I’m becoming a parent. Is mental health support available?

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If you’re becoming a parent, you may be feeling a mix of emotions. You may also be wondering what the future will be like for you, the baby and any other people in your life. That can be a lot to process! It can be helpful to know that mental health and other supports are available across Canada as you navigate this time.

Becoming a parent can be both a rewarding and a challenging experience. Some parents share that the opportunity to be with and support a young person as they grow and develop is unlike anything else in their lives. Some parents also often describe struggles, including concerns related to day-to-day care and more.

What can I expect when becoming a parent?

Most parents navigate a unique journey after a baby enters their life, but there are some common themes in their stories. Teens and young adults who are becoming (or already living as) parents may experience:

  • a sense of pride
  • discrimination
  • exhaustion / feelings of being overwhelmed
  • financial hardships
  • frustration
  • gratefulness
  • happiness
  • helplessness
  • housing challenges
  • isolation
  • issues related to work
  • joy
  • relationship struggles
  • sadness / depression
  • school challenges
  • strengthened relationships
  • stress / anxiety
  • unconditional love

Where can I find support along my journey?

It can be challenging to know where you can turn and what information you can trust as you’re becoming a young parent. It can be reassuring to know that supports are available in Canada for mental health and well-being, financial assistance, parenting tips and more. Here are some ideas to explore:

Make connections

Connecting with people you trust can help you map out a community of support and find people who are experiencing something similar to you. Folks in your network may be able to share their own experiences as parents, or just listen when you need to talk. Here’s a list of people to help you get started:

  • Elders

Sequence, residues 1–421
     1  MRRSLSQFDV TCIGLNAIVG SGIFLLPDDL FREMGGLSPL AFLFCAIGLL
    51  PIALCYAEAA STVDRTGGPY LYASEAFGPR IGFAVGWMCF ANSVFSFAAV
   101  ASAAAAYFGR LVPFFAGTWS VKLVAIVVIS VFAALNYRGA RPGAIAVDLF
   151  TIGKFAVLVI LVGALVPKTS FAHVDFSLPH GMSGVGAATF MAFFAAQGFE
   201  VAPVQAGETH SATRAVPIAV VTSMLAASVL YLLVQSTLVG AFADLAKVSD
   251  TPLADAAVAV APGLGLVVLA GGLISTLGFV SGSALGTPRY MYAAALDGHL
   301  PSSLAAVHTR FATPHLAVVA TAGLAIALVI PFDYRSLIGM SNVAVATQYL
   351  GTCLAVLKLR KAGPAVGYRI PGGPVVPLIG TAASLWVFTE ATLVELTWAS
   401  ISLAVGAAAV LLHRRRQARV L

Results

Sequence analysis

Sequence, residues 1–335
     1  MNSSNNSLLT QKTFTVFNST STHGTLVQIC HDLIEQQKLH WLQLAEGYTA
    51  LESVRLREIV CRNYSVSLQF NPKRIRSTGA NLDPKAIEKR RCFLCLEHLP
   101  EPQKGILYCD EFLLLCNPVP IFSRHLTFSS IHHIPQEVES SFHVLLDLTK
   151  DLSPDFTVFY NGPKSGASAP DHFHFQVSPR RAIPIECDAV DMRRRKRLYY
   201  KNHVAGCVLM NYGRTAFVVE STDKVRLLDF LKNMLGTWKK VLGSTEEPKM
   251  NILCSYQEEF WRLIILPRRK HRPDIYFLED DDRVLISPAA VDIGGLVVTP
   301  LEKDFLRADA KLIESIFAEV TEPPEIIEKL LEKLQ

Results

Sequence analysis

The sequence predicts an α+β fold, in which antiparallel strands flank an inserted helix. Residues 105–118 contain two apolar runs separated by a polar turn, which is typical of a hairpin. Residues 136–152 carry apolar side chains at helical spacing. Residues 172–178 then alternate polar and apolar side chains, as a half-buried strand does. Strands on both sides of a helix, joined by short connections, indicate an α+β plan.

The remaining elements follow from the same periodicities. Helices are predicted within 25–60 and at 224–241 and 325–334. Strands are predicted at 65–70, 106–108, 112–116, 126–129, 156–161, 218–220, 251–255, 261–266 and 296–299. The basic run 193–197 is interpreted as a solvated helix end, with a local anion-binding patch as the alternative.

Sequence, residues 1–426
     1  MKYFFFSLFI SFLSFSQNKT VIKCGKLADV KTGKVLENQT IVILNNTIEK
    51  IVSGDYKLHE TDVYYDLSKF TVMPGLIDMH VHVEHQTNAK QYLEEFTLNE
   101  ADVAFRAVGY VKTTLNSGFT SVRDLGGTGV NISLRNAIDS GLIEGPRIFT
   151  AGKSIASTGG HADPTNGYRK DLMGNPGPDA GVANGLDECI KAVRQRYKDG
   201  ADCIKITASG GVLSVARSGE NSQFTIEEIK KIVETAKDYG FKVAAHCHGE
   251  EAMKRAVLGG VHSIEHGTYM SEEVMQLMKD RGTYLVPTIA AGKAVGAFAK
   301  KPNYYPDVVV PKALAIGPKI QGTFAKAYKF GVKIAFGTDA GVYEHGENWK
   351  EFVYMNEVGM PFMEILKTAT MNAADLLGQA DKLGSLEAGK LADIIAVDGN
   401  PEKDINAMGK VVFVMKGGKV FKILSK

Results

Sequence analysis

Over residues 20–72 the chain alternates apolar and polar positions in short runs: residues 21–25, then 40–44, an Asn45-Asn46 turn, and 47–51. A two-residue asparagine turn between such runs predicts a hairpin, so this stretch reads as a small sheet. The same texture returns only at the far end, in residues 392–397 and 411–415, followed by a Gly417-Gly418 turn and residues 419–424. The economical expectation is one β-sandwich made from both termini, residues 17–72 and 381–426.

• friends
  • other parents / caregivers
  • relatives
  • teachers / guidance counsellors
  • the baby’s other parent (including their family members and friends)

Find resources

Seeking out resources accessible to youis a way to get help and access programs, services and activities that feel close. Kids Help Phone’s Resources Around Me is a tool you can use to find these types of supports in your community. Here are a few people / places you can try:

  • community centres, childcare centres and / or family centres
  • financial services
  • Friendship centres
  • health-care professionals (e.g. doctors, psychologists, psychiatrists, counsellors, etc.)
  • helping professionals (e.g. social workers, caseworkers, etc.)
  • housing programs
  • job boards
  • public health services
  • sexual health clinics
  • spiritual / religious groups
  • virtual / in person support groups

You can also check out these parenting tip sheets from Nobody’s Perfect (Government of Canada) for more info and ways to get support.

Take care

Taking care of yourself can help give you strength, confidence and time to recharge when becoming a parent. Here are some things to try and ideas to keep in mind:

Becoming a parent can be both a fulfilling and difficult experience. If you have questions about parenting and your mental health, you can reach out to someone you trust for support. Kids Help Phone’s professional counsellors and trained, volunteer crisis responders are also here for you 24/7.